Port-based financial incentives to mitigate greenhouse gas (GHG) emissions currently remain marginal, however greater, more focused application of these green payments could help shipping decarbonise, a report issued by the International Transport Forum (ITF) of the Organisation for Economic Co-operation and Development (OECD) suggests today.
The news follows hot on the heels of the widely read ITF report issued last month that maintained deployment of all currently known technologies could make it possible to almost completely decarbonise maritime shipping by 2035.
Currently the most common financial incentive used by ports around the world is the environmentally differentiated port fee.
This is applied in approximately 28 of the 100 largest ports in terms of total cargo volume handled (in tonnes) and container volumes handled. In practice, this takes the form of a reduction of port fees for ships that are considered environmentally friendly, usually based on an index related to ship characteristics. Some US ports have introduced financial incentives for ships reducing speed when approaching the port. The Panama Canal Authority has a scheme that provides priority slot allocation to greener ships. Spain includes environmental incentives in the tender and license criteria for the towage services provided in ports. Shanghai has an emission-trading scheme in which ports and domestic shipping are included and in Norway an NOx tax is in place.
“Despite the prominent place of such incentive schemes, very little is known about their actual impact,” the ITF report stated, pointing out that public information on how many ships use these schemes is scarce and there is no port that has proven GHG emission reductions as a result of such policies.
The only scheme for which serious impact studies exist is the vessel speed reduction scheme in Los Angeles and Long Beach in the US.
ITF described the current impact of port-based incentives on global shipping emissions as “marginal”.
The number of ports deploying financial incentives is still fairly low and where they are applied only a handful of ships are benefitting from the schemes – often less than 5% of the ships calling the port. Moreover, the difference in fees for the dirtiest and cleanest ships is usually small, normally in the order of 5% to 20%. Currently only five ports use indices in which GHG emissions provide a substantial part of the index criteria.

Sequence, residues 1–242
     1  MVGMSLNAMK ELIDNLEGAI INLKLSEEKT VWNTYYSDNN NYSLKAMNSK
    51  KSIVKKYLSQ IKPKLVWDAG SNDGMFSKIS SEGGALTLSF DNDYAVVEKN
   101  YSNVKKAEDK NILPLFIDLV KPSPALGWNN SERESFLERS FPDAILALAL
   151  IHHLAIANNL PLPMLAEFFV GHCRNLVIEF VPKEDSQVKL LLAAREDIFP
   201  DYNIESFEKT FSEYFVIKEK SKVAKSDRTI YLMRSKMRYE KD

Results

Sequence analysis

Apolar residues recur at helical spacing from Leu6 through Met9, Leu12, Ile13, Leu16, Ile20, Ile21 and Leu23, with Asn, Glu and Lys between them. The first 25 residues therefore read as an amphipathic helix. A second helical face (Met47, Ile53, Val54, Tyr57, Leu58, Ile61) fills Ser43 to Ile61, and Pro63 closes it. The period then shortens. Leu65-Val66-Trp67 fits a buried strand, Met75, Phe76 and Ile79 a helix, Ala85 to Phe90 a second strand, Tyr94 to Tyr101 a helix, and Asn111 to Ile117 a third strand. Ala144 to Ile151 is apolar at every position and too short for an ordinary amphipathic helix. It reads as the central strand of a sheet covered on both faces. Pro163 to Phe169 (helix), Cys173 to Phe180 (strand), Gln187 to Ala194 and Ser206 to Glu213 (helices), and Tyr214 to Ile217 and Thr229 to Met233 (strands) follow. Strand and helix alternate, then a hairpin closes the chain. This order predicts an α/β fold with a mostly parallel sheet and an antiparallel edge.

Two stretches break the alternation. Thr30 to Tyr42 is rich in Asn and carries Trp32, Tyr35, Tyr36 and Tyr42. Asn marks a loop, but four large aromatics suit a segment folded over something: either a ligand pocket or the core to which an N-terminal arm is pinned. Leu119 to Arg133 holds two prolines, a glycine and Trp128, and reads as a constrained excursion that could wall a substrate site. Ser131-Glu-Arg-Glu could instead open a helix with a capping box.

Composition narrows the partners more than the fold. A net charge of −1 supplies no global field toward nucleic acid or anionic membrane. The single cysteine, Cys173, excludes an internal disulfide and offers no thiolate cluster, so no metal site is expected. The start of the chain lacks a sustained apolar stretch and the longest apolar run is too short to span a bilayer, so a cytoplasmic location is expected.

“Any incentives shipowners may currently have to order more efficient ships with lower emissions can only to a very small extent be a result of savings from port-based incentives,” the ITF observed.
The report went on to urge for greater emphasis on monitoring, reporting and verification of the impacts of these measures.
“More could also be done to enshrine the ‘polluter pays’ principle. Higher rates of differentiation between vessels based on their environmental performance could drive more and faster change. It is possible within the policies to differentiate fees according to type of vessel enabling the economic activities that can afford to pay to take more of the responsibility for acting,” the report suggested.
The ITF believes that the role of ports and port-based incentives deserves acknowledgement in the IMO Initial GHG Strategy, due in 2018. Its inclusion could signify the first step towards expansion and a more mandatory character for port incentives.
The ITF has called for an expansion of port-based incentives for low-emission ships. Green port fees could be much more effective, it believes, if more ships and ports were covered by such schemes.
Much wider application of other port-based incentives, such as green berth-allocation policies, green procurement and carbon pricing schemes could substantially mitigate shipping’s GHG emissions.
None of the existing green port fees takes actual GHG emissions as a base for the fee reduction.
However, improved data collection at the ship level makes it increasingly possible to assign accurate estimates of GHG emissions to individual ships. This opens the possibility of financial incentives at the port level based on actual GHG emissions of the ship during its voyage, the ITF said.
Finally, the ITF called for higher rates of differentiation between vessels based on their environmental performance to drive more change and help the maritime sector to decarbonise faster, suggesting the creation of a harmonised index or score assigned to all ships could be effective. This proposed index would be used as the basis for differentiated fees in all ports and used by shippers to report on their carbon footprint.
The ITF is an intergovernmental organisation with 59 member countries. It acts as a think tank for transport policy. It is administratively integrated with the OECD.